On December 1, NEA-NH President Scott McGilvray sent the following letter to the New Hampshire Congressional Delegation including Senator Jeanne Shaheen, Senator Kelly Ayotte, and US Representatives Annie Kuster and Carol Shea-Porter:
Dear Honorable Members of the New Hampshire Congressional Delegation:
I am writing to you on behalf of the 16,000 members of the National Education Association of New Hampshire regarding concerns of the so-called “Cadillac Tax” as part of the Patient Protection and Affordable Care Act (ACA). The tax is imposed on high cost health plans which will exceed certain thresholds in 2018, but it is already impacting public school employees today. While the tax has become known as the “Cadillac Tax” in reference to high-cost plans, comprehensive healthcare which protects families from medically related financial ruin, should not be construed as a “Cadillac”.
New Hampshire is home to beautiful scenery and frugal Yankee values, however, we also have the distinction of the most costly healthcare in the country.
As a result, insurance premiums are higher when compared to other areas of the country. In fact, some health plans today are close in cost to the 2018 thresholds. The high cost of healthcare and resulting high premiums will trigger the tax sooner and broader in New Hampshire than other areas of the country.
School district budgets are already constrained and our members regularly make concessions in contract bargaining to help ease the financial burden of taxpayers, and to attempt to gain meager salary increases while not sacrificing comprehensive healthcare for their families. As our members enter into bargaining for multi-year contracts, they are facing the prospect of layoffs, cancellation of healthcare benefits and frozen wages as districts attempt to mitigate the coming impact of the Cadillac Tax, knowing revenue sources are limited. It is now commonplace that a district will not negotiate a contract beyond one or two years due to the concern over the impending cost of healthcare and the Cadillac Tax in subsequent years.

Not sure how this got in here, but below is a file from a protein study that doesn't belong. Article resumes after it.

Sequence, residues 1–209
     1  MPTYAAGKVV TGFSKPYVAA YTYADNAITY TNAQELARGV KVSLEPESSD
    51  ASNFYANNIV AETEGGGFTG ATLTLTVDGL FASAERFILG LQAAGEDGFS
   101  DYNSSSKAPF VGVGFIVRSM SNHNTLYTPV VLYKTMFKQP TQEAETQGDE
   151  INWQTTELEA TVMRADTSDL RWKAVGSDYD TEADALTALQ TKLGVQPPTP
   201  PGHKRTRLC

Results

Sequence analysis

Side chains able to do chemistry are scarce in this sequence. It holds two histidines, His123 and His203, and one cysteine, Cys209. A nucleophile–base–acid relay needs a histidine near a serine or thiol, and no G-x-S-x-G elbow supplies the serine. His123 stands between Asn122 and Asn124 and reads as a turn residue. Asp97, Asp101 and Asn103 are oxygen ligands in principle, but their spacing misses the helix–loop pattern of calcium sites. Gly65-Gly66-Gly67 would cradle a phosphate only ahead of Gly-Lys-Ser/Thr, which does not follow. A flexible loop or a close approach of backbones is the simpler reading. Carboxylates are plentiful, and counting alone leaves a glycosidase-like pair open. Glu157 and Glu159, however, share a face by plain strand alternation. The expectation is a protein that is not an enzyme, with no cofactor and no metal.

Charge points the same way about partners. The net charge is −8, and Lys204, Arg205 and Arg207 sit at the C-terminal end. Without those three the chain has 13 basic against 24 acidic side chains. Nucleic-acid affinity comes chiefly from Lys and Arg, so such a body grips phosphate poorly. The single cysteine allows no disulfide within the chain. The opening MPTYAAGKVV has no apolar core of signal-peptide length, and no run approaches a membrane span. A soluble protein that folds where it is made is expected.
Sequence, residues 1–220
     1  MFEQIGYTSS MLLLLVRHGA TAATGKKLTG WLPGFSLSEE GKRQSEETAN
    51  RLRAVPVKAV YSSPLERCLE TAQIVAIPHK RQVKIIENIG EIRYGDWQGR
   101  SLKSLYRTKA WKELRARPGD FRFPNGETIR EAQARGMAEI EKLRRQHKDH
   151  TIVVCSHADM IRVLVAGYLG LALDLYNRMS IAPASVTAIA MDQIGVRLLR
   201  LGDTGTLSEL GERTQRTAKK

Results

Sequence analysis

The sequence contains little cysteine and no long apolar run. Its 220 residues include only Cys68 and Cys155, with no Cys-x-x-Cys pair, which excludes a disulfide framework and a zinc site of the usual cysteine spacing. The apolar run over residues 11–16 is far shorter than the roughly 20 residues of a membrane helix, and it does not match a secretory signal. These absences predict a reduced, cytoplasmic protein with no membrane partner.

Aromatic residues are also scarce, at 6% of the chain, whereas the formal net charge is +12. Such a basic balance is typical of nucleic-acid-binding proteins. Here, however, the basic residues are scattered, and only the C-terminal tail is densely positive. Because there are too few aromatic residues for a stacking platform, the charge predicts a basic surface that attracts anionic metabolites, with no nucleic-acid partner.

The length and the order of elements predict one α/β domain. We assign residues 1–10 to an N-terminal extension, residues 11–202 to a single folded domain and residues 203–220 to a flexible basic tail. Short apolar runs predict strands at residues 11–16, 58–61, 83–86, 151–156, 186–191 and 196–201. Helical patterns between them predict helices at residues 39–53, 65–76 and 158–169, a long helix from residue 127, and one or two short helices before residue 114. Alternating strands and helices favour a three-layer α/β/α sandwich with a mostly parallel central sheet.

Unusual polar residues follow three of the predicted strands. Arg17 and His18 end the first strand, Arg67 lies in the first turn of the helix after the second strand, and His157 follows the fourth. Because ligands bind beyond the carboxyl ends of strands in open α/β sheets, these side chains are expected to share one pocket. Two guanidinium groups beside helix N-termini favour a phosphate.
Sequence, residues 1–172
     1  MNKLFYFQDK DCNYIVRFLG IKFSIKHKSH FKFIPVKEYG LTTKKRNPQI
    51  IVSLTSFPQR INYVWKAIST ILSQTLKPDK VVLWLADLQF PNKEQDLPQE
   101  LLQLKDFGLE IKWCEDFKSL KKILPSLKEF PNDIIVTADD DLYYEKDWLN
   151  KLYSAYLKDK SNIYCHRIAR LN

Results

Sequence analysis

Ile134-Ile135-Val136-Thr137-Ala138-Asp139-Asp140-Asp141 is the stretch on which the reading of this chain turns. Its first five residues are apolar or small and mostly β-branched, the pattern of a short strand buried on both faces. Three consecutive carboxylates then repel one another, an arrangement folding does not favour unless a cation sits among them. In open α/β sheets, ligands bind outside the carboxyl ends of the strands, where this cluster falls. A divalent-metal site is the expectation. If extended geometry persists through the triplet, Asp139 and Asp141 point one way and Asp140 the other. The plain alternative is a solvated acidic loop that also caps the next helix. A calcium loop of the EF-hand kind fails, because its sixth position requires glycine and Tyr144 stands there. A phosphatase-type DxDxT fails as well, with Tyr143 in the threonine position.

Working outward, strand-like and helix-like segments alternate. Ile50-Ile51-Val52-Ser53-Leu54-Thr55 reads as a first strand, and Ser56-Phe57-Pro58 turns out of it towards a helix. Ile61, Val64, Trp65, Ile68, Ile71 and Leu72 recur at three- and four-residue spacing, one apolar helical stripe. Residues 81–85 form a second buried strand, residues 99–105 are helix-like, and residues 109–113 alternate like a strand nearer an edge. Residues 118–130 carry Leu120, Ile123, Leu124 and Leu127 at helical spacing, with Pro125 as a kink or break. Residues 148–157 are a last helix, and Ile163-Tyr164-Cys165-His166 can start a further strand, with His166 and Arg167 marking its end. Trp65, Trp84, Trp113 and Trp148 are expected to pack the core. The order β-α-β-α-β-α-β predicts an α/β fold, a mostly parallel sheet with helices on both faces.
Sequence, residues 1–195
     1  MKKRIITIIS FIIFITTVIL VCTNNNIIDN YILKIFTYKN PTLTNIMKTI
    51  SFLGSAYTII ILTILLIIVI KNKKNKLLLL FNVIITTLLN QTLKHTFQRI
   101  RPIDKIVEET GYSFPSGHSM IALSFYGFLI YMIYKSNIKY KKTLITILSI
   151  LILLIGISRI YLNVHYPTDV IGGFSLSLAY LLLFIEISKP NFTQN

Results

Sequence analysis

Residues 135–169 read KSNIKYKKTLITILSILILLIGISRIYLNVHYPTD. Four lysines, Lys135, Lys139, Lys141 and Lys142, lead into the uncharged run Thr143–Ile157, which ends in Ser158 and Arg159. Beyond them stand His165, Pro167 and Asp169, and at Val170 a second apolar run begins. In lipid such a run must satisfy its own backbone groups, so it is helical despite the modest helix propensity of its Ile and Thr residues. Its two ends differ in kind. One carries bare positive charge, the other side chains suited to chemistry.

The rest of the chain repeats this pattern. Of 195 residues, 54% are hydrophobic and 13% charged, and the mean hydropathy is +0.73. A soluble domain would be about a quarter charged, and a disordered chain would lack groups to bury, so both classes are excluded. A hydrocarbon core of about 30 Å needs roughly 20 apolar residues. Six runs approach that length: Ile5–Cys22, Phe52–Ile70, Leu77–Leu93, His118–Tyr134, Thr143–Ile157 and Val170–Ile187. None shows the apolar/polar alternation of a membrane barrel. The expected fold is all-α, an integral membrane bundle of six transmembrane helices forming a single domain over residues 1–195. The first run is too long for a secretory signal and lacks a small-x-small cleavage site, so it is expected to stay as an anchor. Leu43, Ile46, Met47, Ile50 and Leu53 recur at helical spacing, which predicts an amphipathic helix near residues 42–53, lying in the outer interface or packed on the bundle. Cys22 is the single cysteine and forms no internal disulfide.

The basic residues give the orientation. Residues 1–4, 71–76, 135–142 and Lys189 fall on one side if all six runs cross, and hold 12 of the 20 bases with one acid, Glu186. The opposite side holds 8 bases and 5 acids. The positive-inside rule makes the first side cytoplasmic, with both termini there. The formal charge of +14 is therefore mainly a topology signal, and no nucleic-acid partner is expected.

As our representatives in Congress, we ask that an effort be made to ease the impact of the Cadillac Tax on New Hampshire educators, their families, and the taxpayers that support public education in the state. Any and all efforts should be made to mitigate the impact of the tax such as a regional adjustment, delay of implementation, or change in the law. Your attention to this issue is greatly appreciated. As I have previously stated, the impact of the Cadillac Tax is already being felt today.
President, NEA New Hampshire